• The Alchemist Just as the alchemist mystics took base elements of lead, earth and water, and attempted to turn them into gold, we take the base feelings of aggression fear, shame, pain and loss, transforming them into works of beauty and illumination.
  • The Scholar/Teacher One who has worked to amass a wealth of knowledge and has distilled it into wisdom, one who is skilled and willing to teach this wisdom to students.
  • The Tribesman One who is a member of a group of peers who share a tribal identity and culture. One who belongs to something larger than oneself, who knows people, and who people know, who has a connection to others like themselves.
  • The Parent If you'll pardon the incestuous metaphor, the parent-child metaphor is intimate, loving, supportive, but unequal in authority, with the parent having responsibility for educating, training, and disciplining the child. Daddy' lap, mom's hairbrush and the woodshed are all standard symbols in the scene.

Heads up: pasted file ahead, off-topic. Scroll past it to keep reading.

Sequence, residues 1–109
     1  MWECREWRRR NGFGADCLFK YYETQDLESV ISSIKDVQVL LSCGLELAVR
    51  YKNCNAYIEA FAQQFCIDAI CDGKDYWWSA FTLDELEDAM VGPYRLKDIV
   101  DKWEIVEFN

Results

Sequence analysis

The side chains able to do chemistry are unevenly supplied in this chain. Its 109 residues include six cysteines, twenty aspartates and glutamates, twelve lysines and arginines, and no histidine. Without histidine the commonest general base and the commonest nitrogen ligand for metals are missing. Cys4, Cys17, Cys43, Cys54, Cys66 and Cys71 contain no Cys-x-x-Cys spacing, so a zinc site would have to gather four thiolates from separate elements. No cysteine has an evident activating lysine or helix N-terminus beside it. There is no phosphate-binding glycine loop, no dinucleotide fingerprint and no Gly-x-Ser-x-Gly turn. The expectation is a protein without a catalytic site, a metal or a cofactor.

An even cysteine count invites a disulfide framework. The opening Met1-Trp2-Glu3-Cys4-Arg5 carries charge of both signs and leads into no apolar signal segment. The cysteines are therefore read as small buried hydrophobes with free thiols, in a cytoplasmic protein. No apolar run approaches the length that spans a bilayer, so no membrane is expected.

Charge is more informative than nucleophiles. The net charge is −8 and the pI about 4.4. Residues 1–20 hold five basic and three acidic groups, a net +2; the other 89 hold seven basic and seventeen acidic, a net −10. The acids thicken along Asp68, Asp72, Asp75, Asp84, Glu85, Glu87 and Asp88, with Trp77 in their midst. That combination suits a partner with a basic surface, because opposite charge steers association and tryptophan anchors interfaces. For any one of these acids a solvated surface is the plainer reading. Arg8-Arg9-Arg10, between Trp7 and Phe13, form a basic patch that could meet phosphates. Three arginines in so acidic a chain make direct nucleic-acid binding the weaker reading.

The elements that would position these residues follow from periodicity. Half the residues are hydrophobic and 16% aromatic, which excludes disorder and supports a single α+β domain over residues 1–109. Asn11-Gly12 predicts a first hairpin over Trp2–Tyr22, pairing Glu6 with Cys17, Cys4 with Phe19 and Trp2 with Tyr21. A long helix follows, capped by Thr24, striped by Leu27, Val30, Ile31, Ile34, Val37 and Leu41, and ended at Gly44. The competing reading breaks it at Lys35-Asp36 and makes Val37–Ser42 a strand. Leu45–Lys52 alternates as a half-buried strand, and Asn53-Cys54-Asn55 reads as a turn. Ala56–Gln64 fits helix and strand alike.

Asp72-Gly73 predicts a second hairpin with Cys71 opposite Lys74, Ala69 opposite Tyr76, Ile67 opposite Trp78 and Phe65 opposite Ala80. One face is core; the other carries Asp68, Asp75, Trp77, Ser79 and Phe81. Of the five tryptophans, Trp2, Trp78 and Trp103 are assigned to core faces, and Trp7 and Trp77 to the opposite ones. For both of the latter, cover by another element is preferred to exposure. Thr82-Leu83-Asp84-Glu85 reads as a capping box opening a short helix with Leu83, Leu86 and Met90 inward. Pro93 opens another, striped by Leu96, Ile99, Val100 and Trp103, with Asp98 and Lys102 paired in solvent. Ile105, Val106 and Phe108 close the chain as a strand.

• The Animal/Familiar The familiar is an alternate identity that lives within us, in animal form, and is often associated with shaman, witches or warlocks. This other identity often has greater strength and endurance, and rich carnivorous appetites. There are a surprising number of scene folk who identify with animal familiars. My friend Joseph has a lion personality that emerges during play. Bernadette Wright of Baltimore becomes a puma. The popular horse and pony extravaganzas speak for themselves.